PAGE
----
Crisis control boss Joie Chitwood (Photo: Getty Images for NASCAR)
By Mike Mulhern
for so many years -- runs the most important track on the NASCAR tour, Daytona International Speedway, and it's been suddenly hit by two days of racing, forcing the first-ever postponement of the season kickoff Daytona 500.
Dealing with that is a management and logistical nightmare, of course, for everyone involved, fans, teams and track promoters.
Running Daytona on a good day is a major project, much less on a tough day like Sunday, and Monday.
But Chitwood, remember, ran Indianapolis Motor Speedway, until getting the call from the France family to take over this place 18 months ago. And it was Chitwood in the middle of that Formula 1 firestorm in 2005 when Michelin decided its tires wouldn't work on the track and pulled out, on the eve of the race.
Chitwood was cool that week…and he is cool here during this mess.
Chitwood is also relentless.
Life as boss at Daytona does have some perks, like lining up the pre-race show: here including model Kate Upton (L) and actress Jane Lynch, Chitwood and the Harley J. Earl Trophy (Photo: Getty Images for NASCAR)
In fact people who have watched him during his brief time in NASCAR (he arrived here in late 2009, took over this track in late 2010) have been highly impressed with his talents, particularly situational awareness and crisis control, and his intelligence -- one reason he studied at Cambridge University in England.
Chitwood does more than just run Daytona; he's also in charge of keeping an eye informally on all the France family tracks and the people on the rosters. Several tracks have had management shakeups lately, probably with input from Chitwood one way or the other. Part of Chitwood's background in stock car racing comes from his time building and running Chicagoland Speedway.
So in watching how this sport handles this particular problem, keep an eye on Chitwood himself, a man with a solid smile, and a calming, quiet yet forceful demeanor. He just turned 43, and he's still on the fast-track upward in this sport. This, remember, is only his second Daytona SpeedWeeks….
Here, with the rain:
The first call to postponement came at 5:30 p.m. ET, till Monday noon.
The second call came at 10 a.m. ET Monday, with rain continuing to pelt the 2-1/2-mile track, till 7 p.m. ET.
While continued rain is possible, NASCAR president Mike Helton said the sanctioning body would still consider a third postponement till Tuesday, before considering other options, such as Easter weekend.
Jet dryers sweeping the Daytona track (Photo: Getty Images for NASCAR)
By moving the Daytona 500 a week later than usual this year, NASCAR lost the President's Day Monday holiday as a rain date for the 500.
That move was made in part to give Fox TV more early season continuity in its stock car coverage by eliminating the off-weekend in March, and in part to deal with the possible season expansion by the National Football League.
While those two may be good reasons, the date move took even more wiggle room out of the already demanding Sprint Cup schedule: only two off-weekends -- Easter weekend April 8th, and the July 22nd Sunday week.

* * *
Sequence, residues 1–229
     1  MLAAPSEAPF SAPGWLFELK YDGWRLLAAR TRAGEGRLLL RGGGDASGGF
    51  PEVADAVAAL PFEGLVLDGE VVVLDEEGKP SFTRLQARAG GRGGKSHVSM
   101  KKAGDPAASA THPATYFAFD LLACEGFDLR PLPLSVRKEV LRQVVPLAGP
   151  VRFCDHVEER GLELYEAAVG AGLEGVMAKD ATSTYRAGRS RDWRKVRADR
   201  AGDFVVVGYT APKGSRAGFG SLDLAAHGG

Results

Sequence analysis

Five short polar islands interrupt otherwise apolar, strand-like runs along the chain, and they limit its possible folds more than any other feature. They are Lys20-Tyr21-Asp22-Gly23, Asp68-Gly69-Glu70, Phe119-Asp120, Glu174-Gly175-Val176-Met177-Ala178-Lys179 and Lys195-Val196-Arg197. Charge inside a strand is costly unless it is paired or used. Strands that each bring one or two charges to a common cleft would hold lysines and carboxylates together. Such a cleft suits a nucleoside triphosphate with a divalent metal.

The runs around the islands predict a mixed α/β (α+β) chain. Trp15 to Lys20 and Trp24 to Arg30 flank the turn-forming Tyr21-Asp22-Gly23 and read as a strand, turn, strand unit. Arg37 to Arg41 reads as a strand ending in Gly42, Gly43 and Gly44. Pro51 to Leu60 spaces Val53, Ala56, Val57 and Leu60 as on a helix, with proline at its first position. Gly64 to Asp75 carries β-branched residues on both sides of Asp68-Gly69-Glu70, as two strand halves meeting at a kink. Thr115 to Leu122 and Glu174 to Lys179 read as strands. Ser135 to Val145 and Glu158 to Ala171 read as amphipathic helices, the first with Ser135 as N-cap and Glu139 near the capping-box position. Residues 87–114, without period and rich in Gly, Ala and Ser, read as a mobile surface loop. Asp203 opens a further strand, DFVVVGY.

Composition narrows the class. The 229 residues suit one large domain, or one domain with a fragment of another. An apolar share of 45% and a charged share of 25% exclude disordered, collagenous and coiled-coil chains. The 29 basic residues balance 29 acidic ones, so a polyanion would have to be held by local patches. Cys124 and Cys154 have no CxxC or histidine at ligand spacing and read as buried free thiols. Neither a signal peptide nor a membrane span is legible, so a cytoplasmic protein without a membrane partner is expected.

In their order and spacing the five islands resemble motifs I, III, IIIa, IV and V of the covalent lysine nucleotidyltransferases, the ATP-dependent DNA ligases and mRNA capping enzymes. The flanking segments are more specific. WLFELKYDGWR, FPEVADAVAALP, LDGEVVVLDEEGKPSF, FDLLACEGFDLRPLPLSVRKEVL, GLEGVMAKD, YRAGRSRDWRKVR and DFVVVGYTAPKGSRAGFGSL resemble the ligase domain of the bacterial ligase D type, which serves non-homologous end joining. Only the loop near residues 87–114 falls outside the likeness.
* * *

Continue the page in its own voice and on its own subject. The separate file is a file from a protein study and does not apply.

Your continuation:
Losing President's Day: "I'm sure I'm going to have some customers tell me about the date change and the challenges that we have with it," Chitwood concedes.
"But weather is unpredictable.
"I don't anticipate this would force us to change the date (back) in the future.
"Based on the NASCAR schedule, the TV schedule, this was the right move for the industry.
"We'll continue to work with the last weekend of February.
"It's unfortunate this had to happen the first year after we made that change. I'm sure I'll be talking to a number of customers in the weeks ahead about that situation."
Chitwood's general game plan is based on the typical Daytona 500 running about three hours and 45 minutes.
Even if the track could have been dried Sunday evening, "If you started the race at 10 p.m., that would put you at about a 1:45 a.m. finish," Chitwood said. "Then you have to think about the couple hours it would take to send all our customers home.
"I'm not really sure that's the environment we want to do that."
So how much will this cost? That will probably be addressed in the next quarterly call for ISC stock.
"You don't generate any more revenue on a rain day; all you're doing is eating up expenses," Chitwood says. "I can't quantify a number, other than it's going to cost us more to run this event based on having another day of expenses with no revenue associated with it."
One seemingly simple but still demanding issue is the track's use of school buses to transport the 150,000 or so fans from satellite parking lots to the track itself. On a Sunday, or President's Day Monday holiday, those buses are available.
Not this Monday.
"When you look at the community and its needs," Chitwood says, "we felt noon was the earliest we could run the race and not really affect the community -- from a rush-hour perspective and school starting.
"A challenge for us is we no longer have the ability to use school buses. We have to find more private coaches to use."
Moving the starting time back to 7 p.m. ET, however, could open that school bus option again.
When it comes to grace under fire, Joie Chitwood (L) certainly showed it during the infamous 2008 Brickyard 400 (Photo: Getty Images with NASCAR)